5.0 out of 5 stars Shelby Spong, 28 May 2013
This review is from: Rescuing the Bible from Fundamentalism: A Bishop Rethinks the Meaning of Scripture (Paperback)
This book and its author will be hated and scorned by evangelicals and catholics alike. However it is very much needed to balance the one-sided debate on "inerrancy". Christians really shouldn't stay wilfully ignorant about the formation of the bible. If you feel the need to break out of the claustrophobic limitations of reformed doctrine, this is a good start.
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41 of 51 people found the following review helpful
5.0 out of 5 stars Brilliant Book, Terrible Title, 31 May 2000
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This review is from: Rescuing the Bible from Fundamentalism: A Bishop Rethinks the Meaning of Scripture (Paperback)
This a fantastic, uplifting basic introduction to modern biblical scholarship. For the lay person in the pew, this book spells out current knowledge about biblical authorship and about what is known and not known about the environment in which the authors lived, worked and believed. Spong's book is engaging and easy to read while still providing good references and bibliography. Most importantly, Spong presents biblical scholarship in an uplifting faith-filled context.
Why the reference to fundamentalism in the title? The whole intent of Spong's book is to answer the question: "How can Christians have a relevant, faith-filled approach to the bible if they can no longer accept the bible as literally true?"
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5.0 out of 5 stars Facts will not bother fundamentalists, 23 Mar 2014
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This review is from: Rescuing the Bible from Fundamentalism: A Bishop Rethinks the Meaning of Scripture (Paperback)
This is a brave and excellent book by a bishop who knows the Bible and who is worried about the distortion of the biblical myths by Christian and Jewish fundamentalists and are using those myths towards some base, political ends. At best, the Bible, the Koran and other religious texts can provide some moral lessons to the believers, but they contain very little historical or factual truths that can base the foundations of modern beliefs, let alone states formed on the basis of religions, such as Israel, Saudi Arabia and more and more the United States. Both believers and non-believers should read this book to see how the fundamentalists distort what they regard to be the word of God in order to serve their selfish purposes.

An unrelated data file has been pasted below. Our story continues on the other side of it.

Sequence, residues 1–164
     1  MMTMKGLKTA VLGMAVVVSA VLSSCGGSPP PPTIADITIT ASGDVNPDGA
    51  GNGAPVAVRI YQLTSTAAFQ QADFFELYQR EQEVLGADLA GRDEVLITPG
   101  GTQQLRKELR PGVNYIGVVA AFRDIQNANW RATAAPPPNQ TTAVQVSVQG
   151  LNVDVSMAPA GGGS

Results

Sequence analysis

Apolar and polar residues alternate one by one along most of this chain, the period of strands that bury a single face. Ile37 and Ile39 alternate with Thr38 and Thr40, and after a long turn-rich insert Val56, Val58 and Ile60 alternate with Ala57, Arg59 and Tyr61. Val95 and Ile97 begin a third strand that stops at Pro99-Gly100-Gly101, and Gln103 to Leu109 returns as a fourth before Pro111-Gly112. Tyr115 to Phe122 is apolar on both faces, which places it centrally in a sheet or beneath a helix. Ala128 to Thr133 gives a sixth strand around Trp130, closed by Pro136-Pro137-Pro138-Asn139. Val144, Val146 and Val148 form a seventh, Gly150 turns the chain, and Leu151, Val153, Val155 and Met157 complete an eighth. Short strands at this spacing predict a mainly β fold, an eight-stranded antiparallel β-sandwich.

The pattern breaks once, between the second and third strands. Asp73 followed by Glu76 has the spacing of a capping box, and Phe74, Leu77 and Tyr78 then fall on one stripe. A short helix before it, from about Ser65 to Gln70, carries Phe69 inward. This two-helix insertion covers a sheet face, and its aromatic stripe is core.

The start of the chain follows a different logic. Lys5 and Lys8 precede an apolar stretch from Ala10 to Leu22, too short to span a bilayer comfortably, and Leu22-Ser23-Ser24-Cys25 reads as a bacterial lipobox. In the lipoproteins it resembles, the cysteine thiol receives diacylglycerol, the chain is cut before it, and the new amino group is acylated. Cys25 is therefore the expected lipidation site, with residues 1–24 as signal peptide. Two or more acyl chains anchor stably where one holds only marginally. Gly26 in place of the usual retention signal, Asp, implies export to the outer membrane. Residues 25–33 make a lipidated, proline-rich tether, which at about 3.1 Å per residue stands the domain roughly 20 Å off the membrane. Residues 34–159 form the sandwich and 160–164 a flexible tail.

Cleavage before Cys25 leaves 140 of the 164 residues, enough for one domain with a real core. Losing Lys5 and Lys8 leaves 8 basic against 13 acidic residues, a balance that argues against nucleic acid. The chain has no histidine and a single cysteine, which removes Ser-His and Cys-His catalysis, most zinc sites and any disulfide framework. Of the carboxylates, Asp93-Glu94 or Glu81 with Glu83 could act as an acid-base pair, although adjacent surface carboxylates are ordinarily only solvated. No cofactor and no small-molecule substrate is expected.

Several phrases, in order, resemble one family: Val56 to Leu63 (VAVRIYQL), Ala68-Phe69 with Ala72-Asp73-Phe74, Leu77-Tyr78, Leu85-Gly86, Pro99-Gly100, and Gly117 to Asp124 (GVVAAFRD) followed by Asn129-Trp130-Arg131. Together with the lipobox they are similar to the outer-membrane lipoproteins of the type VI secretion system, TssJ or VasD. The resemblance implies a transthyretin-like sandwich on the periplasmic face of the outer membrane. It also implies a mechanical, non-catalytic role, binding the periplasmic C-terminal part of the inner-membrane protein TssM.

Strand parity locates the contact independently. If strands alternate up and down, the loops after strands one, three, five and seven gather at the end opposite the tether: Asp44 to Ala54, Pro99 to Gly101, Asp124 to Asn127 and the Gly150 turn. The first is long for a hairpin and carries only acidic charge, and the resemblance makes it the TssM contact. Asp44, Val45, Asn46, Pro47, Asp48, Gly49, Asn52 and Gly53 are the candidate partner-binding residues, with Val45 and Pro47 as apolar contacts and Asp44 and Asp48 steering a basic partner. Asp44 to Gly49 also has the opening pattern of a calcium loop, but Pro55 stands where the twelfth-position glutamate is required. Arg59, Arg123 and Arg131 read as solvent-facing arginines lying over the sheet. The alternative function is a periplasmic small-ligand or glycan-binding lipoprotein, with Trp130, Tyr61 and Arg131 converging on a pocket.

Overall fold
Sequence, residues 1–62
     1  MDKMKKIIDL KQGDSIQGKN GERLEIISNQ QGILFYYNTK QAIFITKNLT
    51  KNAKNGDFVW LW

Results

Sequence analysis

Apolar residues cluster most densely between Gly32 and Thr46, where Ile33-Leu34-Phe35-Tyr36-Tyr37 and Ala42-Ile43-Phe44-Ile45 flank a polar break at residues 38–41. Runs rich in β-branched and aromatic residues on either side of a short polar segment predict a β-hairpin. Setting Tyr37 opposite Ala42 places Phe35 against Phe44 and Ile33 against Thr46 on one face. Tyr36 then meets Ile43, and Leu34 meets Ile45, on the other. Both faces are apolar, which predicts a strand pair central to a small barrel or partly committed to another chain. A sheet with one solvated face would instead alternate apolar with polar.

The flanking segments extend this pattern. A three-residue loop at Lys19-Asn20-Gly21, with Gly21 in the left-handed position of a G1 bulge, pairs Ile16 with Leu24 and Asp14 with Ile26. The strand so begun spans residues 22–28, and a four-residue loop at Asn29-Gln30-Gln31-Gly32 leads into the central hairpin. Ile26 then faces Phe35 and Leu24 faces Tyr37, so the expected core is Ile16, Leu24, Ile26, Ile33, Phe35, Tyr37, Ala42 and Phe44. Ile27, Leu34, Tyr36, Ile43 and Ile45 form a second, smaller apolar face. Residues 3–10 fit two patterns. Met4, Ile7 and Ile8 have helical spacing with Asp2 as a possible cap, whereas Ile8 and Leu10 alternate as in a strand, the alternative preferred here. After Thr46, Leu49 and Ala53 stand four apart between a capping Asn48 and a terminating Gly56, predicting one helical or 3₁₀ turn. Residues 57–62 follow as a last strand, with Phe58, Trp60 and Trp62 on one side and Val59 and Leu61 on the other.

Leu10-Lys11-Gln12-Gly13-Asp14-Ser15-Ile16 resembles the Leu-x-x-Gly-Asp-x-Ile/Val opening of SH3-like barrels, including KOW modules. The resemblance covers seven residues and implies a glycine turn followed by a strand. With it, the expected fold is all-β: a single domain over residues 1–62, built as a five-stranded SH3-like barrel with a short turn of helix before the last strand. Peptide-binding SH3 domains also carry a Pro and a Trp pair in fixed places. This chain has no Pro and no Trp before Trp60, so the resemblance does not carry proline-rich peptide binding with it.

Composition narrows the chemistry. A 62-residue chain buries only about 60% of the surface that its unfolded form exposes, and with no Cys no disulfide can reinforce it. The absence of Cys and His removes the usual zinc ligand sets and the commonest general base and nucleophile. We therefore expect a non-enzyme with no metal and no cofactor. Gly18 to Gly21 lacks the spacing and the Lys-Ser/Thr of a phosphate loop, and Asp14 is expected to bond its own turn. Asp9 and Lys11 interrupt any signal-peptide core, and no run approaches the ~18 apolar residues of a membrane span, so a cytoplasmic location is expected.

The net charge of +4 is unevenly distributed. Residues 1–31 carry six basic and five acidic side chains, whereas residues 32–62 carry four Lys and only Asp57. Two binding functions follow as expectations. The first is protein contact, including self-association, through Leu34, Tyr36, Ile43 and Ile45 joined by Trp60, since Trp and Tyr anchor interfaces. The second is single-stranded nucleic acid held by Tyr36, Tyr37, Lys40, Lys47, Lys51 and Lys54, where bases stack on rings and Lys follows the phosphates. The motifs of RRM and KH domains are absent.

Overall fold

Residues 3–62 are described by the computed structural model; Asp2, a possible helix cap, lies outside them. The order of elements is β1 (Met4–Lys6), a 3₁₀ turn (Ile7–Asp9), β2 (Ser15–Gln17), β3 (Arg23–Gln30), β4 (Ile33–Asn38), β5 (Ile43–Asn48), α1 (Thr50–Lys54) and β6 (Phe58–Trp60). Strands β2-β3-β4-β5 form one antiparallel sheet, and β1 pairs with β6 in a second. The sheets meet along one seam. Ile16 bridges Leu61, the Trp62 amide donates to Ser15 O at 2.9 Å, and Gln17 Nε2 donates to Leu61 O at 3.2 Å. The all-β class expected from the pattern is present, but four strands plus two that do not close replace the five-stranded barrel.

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4.0 out of 5 stars Controversially informative., 2 Oct 2013
By 
Peter Veness (Dorset) - See all my reviews
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This review is from: Rescuing the Bible from Fundamentalism: A Bishop Rethinks the Meaning of Scripture (Paperback)
While not agreeing with all Bishop Spong's thoughts, as an intelligent review of how the Bible books came to be written and the implications that has for our interpretation of them in the 21st century it is extremely valuable. It should be read by all thinking Christians to combat the rising tide of fundamentalism in many UK churches.
I'm sure that many of the Bishop's other books are more challenging of conventional Christian theology but don't let that put you off reading this one.
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0 of 1 people found the following review helpful
2.0 out of 5 stars A bit of a spoil sport, 20 May 2014
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If you receiving a lot pleasure and from being a Fundamentalist don't read this book. Bishop Spong never provides adequate references to his books to support his facts.